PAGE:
42,000. That’s the annual number of premature and sick newborn babies who need to be looked after in either a Neonatal Intensive Care Unit (NICU) or Special Care Nursery (SCN), throughout Australia. Within this vast figure, 2 of these babies were mine.
Last week, I went to the Miracle Babies NurtureGroup Christmas get-together. Catching up with other mothers of premature babies and seeing how much their munchkins have grown, I was compelled to write about those early days. We have indeed come a long way.
I won’t lie. This post is a particularly hard one to write. It’s an exercise of re-tracing a journey that was full of anxiety, uncertainty and yet a LOT of hope.
Little N and Little K were born 5 weeks premature. At around 33 weeks, it was discovered that Little N had stopped growing (ie my placenta was just about going kaput) and due to the growth discrepancy between the twins, delivery was brought forward to 35 weeks.
Aware of our deep concern of what was to lie ahead, our obstetrician introduced us to one of the leading paediatricians at the NICU prior to the scheduled delivery date. To try and help ease our minds, he took us on a tour of the unit.
There we stepped into a completely different world: Tiny babies in humidicribs, some connected to life support systems . Tubes attached to small bodies, surrounded by midwives and doctors busily checking and monitoring each little patient. There are the anxious parents vigilantly standing by.
It was then that I thought about how we live in a society where we naturally believe that bigger is better. Cars, houses, bank accounts…and I realised that this mentality also applies to newborn babies.
Our chests swell up with pride when a “bouncing baby boy” is born well over the “average” birth weight. Yet, we tend to shy ourselves away or left without words when, for instance, a friend, an acquaintance, or a relative announces that their little one has arrived 10 weeks early and weighing in at a fragile 820 gms.
At the last ultrasound, it was predicted that Little N’s birth weight would be around 1.6 kgs. (A pip squeek !) During the tour of the NICU, I specifically asked the paediatrician to show me a baby of a similar weight. When he did, things started to shape into perspective for me.
I was one of the more fortunate mothers. I had time to mentally prepare myself . There are some parents who don’t have that luxury. Sometimes, Mother Nature takes its own course and without warning new parents are faced with their premature newborn suddenly having to learn a basic human instinct – how to survive.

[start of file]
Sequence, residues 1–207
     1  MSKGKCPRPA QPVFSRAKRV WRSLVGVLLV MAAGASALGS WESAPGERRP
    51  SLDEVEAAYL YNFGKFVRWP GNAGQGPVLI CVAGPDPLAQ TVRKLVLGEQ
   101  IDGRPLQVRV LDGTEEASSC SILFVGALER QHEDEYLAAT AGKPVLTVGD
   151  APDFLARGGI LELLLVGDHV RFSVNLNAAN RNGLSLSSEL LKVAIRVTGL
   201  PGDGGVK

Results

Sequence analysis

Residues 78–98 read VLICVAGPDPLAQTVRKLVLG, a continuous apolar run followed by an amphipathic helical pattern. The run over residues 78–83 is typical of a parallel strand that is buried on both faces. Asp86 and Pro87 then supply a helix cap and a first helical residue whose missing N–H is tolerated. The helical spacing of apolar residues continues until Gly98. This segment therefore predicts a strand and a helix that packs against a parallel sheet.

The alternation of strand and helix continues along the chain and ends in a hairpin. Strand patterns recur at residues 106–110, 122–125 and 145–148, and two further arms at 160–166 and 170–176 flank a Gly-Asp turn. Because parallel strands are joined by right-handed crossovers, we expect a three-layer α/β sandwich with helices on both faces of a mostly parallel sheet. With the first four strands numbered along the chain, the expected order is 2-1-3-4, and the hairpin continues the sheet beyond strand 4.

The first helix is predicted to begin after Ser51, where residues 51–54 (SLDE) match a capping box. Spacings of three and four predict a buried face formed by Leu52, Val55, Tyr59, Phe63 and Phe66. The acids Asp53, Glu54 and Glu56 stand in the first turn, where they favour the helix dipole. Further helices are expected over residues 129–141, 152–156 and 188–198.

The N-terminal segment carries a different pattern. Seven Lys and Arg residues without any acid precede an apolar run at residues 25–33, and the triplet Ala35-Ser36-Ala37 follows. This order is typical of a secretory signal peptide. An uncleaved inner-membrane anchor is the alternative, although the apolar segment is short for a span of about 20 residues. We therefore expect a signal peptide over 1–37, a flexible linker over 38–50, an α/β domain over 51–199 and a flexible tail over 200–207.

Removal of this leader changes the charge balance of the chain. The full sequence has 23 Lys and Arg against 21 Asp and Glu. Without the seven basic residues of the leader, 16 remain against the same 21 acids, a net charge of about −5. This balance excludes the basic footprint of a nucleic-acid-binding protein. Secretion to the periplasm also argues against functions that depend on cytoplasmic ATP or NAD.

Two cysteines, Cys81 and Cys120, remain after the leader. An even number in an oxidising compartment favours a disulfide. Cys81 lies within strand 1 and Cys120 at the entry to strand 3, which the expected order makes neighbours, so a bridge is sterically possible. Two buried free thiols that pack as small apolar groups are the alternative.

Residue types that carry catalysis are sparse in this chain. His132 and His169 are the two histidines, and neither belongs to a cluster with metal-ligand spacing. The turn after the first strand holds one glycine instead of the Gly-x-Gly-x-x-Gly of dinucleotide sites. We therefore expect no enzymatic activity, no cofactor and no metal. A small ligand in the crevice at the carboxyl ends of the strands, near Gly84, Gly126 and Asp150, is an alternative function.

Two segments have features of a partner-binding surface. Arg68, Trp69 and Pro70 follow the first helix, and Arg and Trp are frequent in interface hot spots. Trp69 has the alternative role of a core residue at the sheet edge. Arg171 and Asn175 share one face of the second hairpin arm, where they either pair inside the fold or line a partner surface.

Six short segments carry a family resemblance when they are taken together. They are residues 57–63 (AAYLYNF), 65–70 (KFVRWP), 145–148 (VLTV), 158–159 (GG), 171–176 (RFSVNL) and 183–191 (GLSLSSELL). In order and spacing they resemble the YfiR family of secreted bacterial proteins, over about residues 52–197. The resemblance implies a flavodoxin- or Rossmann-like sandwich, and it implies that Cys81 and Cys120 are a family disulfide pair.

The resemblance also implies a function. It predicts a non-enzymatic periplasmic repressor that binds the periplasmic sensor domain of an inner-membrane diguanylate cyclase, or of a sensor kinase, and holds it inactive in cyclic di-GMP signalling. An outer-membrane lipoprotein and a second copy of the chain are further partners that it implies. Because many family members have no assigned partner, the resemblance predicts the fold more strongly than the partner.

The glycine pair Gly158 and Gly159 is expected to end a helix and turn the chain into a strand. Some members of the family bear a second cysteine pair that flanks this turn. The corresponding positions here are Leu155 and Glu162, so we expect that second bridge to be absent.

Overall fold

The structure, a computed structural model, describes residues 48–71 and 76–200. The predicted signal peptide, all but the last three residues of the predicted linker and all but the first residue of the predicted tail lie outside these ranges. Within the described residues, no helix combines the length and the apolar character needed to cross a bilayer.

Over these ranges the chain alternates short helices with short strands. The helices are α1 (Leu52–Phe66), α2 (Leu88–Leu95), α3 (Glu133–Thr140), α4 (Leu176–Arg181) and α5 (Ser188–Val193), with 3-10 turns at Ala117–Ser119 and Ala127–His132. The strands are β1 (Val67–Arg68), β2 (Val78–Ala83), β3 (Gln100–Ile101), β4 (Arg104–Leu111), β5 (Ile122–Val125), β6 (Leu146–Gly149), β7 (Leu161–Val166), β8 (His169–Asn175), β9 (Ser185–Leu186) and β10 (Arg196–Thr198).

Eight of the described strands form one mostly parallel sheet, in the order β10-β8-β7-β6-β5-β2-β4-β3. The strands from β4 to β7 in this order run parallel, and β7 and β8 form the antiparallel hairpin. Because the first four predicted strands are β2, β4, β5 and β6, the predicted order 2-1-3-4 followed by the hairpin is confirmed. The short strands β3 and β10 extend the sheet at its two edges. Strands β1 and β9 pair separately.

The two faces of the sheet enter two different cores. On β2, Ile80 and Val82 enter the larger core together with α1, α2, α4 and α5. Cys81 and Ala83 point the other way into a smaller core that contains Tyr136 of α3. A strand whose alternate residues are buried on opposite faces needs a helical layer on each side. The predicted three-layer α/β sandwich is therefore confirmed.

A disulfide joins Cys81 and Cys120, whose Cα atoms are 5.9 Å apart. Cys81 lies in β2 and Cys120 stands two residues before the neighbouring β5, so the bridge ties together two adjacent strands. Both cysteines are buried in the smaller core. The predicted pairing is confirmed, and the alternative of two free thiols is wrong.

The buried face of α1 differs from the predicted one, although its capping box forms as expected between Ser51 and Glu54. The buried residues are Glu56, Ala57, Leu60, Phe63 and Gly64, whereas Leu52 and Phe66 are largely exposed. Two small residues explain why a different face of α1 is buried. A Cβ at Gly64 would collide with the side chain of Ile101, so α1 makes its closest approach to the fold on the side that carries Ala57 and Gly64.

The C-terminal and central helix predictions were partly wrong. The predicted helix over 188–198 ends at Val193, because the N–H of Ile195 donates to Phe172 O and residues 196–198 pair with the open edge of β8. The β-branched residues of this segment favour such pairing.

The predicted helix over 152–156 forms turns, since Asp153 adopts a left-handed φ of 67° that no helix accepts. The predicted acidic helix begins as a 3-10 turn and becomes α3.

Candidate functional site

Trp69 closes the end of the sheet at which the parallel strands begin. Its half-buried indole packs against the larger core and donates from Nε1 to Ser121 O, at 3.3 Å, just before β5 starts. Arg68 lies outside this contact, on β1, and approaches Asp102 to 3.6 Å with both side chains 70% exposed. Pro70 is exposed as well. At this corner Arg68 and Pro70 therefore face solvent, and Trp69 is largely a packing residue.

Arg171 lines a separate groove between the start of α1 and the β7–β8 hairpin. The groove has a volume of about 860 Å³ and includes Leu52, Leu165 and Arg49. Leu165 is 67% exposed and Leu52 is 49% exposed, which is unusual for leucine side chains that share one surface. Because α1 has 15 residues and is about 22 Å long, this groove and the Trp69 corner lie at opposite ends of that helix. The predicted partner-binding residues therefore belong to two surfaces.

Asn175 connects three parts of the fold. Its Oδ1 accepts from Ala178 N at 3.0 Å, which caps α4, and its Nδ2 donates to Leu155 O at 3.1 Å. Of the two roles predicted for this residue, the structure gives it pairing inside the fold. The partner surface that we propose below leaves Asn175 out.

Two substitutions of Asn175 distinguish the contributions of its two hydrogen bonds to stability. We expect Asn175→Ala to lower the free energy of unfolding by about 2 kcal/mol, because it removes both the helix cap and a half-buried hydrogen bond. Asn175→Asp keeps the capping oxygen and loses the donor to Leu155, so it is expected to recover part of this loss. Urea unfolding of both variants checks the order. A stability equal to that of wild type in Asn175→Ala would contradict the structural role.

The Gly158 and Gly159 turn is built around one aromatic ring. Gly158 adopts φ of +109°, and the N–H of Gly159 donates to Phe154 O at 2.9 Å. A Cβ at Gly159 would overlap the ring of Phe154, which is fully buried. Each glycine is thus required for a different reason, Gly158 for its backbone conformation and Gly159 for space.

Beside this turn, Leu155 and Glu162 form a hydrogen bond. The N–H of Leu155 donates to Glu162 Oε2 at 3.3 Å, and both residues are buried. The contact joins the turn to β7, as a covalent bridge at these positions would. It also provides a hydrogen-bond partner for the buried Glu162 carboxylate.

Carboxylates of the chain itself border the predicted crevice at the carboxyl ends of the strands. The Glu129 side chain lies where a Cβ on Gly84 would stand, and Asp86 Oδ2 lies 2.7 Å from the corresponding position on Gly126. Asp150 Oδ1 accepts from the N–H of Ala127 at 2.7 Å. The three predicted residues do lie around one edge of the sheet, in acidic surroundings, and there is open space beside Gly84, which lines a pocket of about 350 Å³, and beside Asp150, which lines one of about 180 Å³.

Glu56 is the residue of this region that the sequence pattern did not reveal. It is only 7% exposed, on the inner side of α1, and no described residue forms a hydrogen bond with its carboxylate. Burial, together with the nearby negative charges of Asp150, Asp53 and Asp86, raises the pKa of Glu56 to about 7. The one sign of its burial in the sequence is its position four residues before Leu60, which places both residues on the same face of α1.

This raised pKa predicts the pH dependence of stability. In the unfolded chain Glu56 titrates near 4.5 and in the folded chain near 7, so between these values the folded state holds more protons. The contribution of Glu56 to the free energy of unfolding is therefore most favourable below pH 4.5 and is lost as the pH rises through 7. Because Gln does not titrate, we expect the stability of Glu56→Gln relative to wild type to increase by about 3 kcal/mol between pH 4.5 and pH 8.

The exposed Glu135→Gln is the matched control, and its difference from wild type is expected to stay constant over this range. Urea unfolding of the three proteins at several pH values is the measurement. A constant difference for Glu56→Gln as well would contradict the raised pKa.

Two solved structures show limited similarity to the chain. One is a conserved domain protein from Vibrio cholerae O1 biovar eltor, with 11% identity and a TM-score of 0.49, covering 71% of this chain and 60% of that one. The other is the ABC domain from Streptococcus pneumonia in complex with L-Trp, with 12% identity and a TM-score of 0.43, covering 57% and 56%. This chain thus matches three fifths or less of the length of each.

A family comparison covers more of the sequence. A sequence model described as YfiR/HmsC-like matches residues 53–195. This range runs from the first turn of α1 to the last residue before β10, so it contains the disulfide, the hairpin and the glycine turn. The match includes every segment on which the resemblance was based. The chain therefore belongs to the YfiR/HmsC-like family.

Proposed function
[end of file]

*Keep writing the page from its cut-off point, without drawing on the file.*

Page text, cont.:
So, on the 28th of January, 2010 at 10:33am, Little N was born at 1.8 kgs (a whopping 200 gms heavier than his predicted birth weight). 2 minutes later, Little K, our little “Fatty Boom-Bah” arrived at 2.5 kgs.
Unlike mothers of full term babies, after I was discharged from the maternity ward, I went home, leaving our precious boys at the NICU. I really can’t express in words how emotionally wrecked I was that day. No new mother should ever have to leave a hospital without their babies. It’s a heart-wrenching experience.
Our boys were in NICU for 16 tough and extremely long days. Some days there was progress. On others, we would be at a standstill. We just stayed focused, kept sticking to the routine and taking the advice from our paediatrcian and midwives as sacred.
Almost 11 months later, we are – thankfully – well and truly out of the danger zone. Sure, the boys are still soldiering their way up the percentile graph. But as a mum of premmie pumpkins, I decided to ignore whatever the books and all the “laws of baby averages” were dictating as far as what my children’s development should be. Bugger it.
Instead, I take the time to pause and remind myself of Little N and K’s milestones – the early interaction, breast feeding, cooing, eating solids, crawling and more recently, their absolute delight in discovering each other’s existence.
While the twins are happily playing or crawling around and chasing each other, I look at them in awe and think, “Do you realise how far you two have come ?”
Despite their shaky start in life, I’m just grateful that my beautiful boys are healthy, happy and thriving.